Oxford Big Question Challenge – for UG and Taught PG Students

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At Oxplore, we strive to inspire 11-to-18-year-olds to think and explore beyond their school curriculum, and we need your help! This competition is open to all current Oxford undergraduate and taught postgraduate students from any discipline.

Propose your ideas for a new ‘Big Question’ for Oxplore with some recommended reading resources. The ideal Big Question will fascinate young people whilst being broad enough to accommodate different arguments and disciplines (you can see examples at www.oxplore.org).

The best idea will not only win you £50 to spend at Westgate Oxford, but also the opportunity to see it produced and included on the Oxplore site. With five runners-up prizes of a £25 voucher each, there’s nothing to lose.

Entries will close on Sunday 28th October at 11:59pm – Sunday of 4th week.

 

Continue reading Oxford Big Question Challenge – for UG and Taught PG Students

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Looking towards Teachers

Oxplore is all about Big Questions,  so it’s probably no surprise that one of the biggest questions asked at the University of Oxford is: “How do we improve outcomes for more of our young people?”.

In this post, I’ll be looking at why I’ve been asked to work with teachers to find ways to turn up the level of impact in our work of Widening Access and Participation.

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Photo from https://unsplash.com/@willyin

It’s been a year since Oxplore launched, and it’s a been a  great success in terms of online engagement from students and schools. But the work of the Widening Access and Participation team has a long way to go, and it makes sense to look at other audiences we could work with.

I am new to the team, and to the work of the University and it is hard not to be drawn into the statistics and narratives around the lack of diversity at Oxbridge. These issues have been discussed with humour and the collective smarts of 4 Cambridge Grads, especially in this episode of the fantastic Over the Bridge podcast.

There are so many possible levers and interventions that could change the lives of young people and, perhaps bring more of them to the University of Oxford – and there are many wonderful projects making a difference (UNIQ, TargetOxbridge).  Oxplore, like so many of these initiatives, looks to shift the perspective of young people

However, teachers and other trusted adults in the lives of children have the opportunity to have a greater impact, earlier. Changing behaviours, expectations and opening opportunities with teachers, from KS2 upwards, should have a sustained and greater effect. Or at least, that’s our hypothesis – that we are going to test and evaluate.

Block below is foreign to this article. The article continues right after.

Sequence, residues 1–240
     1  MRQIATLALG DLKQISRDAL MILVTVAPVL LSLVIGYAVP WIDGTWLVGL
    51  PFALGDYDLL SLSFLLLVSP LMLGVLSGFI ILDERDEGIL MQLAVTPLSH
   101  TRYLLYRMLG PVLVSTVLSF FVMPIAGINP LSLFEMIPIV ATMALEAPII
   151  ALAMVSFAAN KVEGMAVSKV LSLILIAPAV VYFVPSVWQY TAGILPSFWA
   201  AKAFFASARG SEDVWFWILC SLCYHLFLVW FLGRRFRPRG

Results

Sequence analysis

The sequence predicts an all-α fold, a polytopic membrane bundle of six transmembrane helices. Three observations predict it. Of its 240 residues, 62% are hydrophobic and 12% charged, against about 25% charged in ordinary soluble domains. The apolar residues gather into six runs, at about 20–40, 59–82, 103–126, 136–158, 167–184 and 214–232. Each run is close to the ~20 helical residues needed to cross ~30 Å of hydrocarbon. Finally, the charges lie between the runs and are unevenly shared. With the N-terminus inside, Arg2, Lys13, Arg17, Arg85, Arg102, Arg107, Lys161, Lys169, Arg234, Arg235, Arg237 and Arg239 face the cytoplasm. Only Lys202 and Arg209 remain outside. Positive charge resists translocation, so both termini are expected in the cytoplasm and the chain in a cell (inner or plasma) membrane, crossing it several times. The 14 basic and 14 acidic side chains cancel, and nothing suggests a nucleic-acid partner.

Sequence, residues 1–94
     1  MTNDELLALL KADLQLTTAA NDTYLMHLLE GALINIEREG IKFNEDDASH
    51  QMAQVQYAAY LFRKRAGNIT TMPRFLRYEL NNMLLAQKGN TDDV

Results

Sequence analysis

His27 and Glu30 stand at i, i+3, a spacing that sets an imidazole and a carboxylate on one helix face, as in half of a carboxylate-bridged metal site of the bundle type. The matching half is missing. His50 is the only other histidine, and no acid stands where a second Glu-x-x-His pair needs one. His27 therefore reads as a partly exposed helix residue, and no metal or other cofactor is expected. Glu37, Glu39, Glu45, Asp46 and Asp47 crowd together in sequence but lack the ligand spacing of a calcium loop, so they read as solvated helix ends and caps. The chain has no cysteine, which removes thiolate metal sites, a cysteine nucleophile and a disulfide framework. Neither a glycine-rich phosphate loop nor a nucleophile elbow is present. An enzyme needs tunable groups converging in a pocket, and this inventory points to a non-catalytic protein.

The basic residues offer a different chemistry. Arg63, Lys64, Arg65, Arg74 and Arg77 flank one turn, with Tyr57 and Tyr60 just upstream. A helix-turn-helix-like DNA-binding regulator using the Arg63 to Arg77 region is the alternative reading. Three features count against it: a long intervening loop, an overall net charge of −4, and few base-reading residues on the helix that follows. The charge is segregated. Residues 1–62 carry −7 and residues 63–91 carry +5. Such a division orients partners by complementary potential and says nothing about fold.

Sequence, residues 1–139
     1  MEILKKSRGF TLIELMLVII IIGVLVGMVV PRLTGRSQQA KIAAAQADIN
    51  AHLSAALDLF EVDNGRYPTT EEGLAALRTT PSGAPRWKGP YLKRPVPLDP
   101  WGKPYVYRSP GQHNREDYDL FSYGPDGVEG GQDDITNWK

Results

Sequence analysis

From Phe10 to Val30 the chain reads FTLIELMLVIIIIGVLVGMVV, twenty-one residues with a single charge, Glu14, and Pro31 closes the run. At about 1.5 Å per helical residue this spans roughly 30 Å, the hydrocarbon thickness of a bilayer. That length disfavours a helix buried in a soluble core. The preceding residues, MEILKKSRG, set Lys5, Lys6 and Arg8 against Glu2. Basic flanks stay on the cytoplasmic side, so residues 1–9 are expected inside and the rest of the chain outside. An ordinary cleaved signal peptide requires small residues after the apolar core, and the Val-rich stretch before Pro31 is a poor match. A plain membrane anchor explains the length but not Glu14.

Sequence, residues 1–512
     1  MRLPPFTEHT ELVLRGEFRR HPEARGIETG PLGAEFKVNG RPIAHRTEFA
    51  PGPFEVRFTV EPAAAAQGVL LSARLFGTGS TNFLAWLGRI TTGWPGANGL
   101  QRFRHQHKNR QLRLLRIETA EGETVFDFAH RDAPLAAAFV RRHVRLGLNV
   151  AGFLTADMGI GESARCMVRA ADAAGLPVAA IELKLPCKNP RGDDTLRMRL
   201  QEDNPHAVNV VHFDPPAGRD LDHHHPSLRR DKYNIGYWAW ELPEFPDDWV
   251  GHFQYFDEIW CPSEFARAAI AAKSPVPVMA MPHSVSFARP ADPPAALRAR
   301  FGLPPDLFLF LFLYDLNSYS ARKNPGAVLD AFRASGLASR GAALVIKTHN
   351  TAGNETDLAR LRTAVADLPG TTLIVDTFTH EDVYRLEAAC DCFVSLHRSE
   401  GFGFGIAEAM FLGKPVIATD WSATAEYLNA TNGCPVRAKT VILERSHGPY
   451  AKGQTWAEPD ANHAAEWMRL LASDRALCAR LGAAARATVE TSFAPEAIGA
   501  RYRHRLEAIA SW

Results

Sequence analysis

SO, I’ll be spending the next few months visiting schools, talking to teachers and school leaders, looking for how we could best complement Oxplore; with a digital  platform for educators.

I’ll be asking questions here – and, hopefully asking for your help.

If you’d like to be involved, please watch this space, and the @Oxplore Twitter feed

 

Engaging young people through digital learning – Oxford Thinking insight

The team were delighted to be featured in the latest issue of Quad – Oxford’s new alumni magazine – and on the Oxford Thinking webpages. We know that the University’s alumni community are keen to see the University making progress on widening access (including the First Gen alumni and the Black Oxford Alumni). Without a donation from an Oxford alumnus, Oxplore would not exist!

‘We’re certain that it’s totally innovative, and we haven’t seen anything like it elsewhere on the web,’ explains Dr Alex Pryce, from Oxford’s Undergraduate Admissions and Outreach team. For two years, Dr Pryce has been working with colleagues from all corners of the University to develop Oxplore, an initiative aimed at engaging young people and potential applicants through digital learning.

Read more on the Oxford Thinking website…

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Photo by John Cairns

Interns continue to make a difference!

Oxplore has been expanding our student voice through more ideas and content generated by our fantastic interns! The University of Oxford Careers Service programmes means we were able to recently host three micro interns (Georgina, Serena, and Laura) for one week and had another intern (Mia) for four weeks. Each of them contributed greatly to our ongoing development.

Our three micro interns were quickly organising, producing, and then filming a discussion about a Big Question by their fifth and final day with us. They did an incredible job and you can watch the clip on ‘Is falling in love bad for you?’ here.

Not only did they complete a superb video, but they also enhanced our content with additional resources. Georgina, Serena, and Laura created reading lists for the questions ‘Does Race Matter?’, ‘Should You Ever Fall for a Chat-up Line?’, and ‘Should You Have To Be British To Live in Britain?’